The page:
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This book considers the current domestic and global political and economic landscape and will show that there are three different but related kinds of leverage that together have emerged as the dominant strategy in economics, politics and international relations. The economic crisis of 2008-09 was called by most economists a crisis of "over-leverage." Yet no one has argued that there has also been a leverage crisis or at least a "leverage challenge," in other aspects of life. The This book argues that there is a "leverage mean" in between the extremes of too little leverage and too much leverage that provides the basis for resolving the various crises and challenges. This book, which grows out of a Brookings Institution paper "The Age of Leverage," will analyze bargaining leverage, resource leverage and economic investment leverage and should draw the attention of students and teachers in political and economic philosophy.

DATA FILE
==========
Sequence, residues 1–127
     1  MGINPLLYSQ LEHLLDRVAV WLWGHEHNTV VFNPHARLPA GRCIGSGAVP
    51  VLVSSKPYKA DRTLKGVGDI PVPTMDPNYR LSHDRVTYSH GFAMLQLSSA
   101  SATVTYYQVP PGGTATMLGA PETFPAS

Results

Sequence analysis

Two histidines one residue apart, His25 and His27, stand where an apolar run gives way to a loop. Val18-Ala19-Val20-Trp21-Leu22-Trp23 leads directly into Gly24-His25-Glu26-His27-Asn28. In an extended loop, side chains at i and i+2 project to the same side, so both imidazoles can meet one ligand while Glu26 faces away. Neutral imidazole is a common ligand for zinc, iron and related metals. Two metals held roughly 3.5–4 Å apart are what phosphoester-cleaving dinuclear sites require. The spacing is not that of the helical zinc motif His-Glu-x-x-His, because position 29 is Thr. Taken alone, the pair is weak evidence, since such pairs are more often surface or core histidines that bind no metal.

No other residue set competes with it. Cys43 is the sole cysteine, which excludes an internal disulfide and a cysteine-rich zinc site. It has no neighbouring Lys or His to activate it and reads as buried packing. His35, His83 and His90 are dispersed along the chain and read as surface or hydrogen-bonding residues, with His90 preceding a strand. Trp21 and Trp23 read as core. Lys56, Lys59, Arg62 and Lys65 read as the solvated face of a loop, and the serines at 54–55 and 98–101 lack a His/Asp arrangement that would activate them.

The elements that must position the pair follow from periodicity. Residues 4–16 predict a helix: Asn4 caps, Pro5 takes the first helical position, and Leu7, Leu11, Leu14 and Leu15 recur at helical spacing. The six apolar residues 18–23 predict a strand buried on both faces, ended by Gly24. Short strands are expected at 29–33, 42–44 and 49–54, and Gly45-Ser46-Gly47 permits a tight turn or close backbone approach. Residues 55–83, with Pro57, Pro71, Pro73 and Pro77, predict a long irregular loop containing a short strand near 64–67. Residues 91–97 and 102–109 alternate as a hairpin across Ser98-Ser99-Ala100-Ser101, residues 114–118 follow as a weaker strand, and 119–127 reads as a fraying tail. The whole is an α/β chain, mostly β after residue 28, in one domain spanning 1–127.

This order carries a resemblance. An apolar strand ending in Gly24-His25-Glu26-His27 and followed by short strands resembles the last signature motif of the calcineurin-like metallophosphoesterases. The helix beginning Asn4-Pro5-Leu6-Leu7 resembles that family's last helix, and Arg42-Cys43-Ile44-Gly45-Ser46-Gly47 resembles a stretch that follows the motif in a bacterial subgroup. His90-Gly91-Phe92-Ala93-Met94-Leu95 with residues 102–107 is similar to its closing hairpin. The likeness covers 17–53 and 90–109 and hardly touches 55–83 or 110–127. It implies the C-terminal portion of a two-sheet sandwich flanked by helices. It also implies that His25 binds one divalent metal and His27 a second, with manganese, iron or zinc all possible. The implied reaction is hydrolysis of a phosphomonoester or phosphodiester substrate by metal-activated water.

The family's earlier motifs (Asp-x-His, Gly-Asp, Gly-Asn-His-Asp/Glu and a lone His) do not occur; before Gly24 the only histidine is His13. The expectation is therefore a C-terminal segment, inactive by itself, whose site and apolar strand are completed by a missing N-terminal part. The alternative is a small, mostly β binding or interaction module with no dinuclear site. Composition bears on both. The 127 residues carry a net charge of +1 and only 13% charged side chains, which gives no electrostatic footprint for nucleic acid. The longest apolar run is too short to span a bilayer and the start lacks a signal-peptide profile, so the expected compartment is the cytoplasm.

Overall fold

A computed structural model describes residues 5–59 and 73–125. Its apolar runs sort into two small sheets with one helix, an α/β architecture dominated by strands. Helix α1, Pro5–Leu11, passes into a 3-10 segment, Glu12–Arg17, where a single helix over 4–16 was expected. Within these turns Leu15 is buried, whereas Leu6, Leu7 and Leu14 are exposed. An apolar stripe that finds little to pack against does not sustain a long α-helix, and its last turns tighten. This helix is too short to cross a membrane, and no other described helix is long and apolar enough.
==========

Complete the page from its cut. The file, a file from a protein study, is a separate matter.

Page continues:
With this work, Martin Bader examines how companies can take an int- lectual property lead during the early stages of inter-firm research and - velopment (R&D) collaborations. Previously, little research has inves- gated the management of patents in the early phases of the innovation process. Furthermore, there is a dearth of research on patent management in the service industry sector, in which intellectual property management remains a new concept. Bader offers a detailed examination of the process by considering the service industry sector and analyzes a current, relevant, complex problem prominent in management research. The research at hand stems from two phenomena, both of which are based on knowledge gains achieved in the area of intellectual property management in recent years. First, the number of announced patent app- cations has increased by 20 30% per year even without considering multiple patent registrations in several countries. Second, the number of collaborative agreements in the innovation process has simultaneously - creased. However, many R&D collaborations eventually turn out to be - successful, so the question arises: To whom does the intellectual property generated by a collaboration belong? This ownership often is decided and specified during the early phases of the R&D process."
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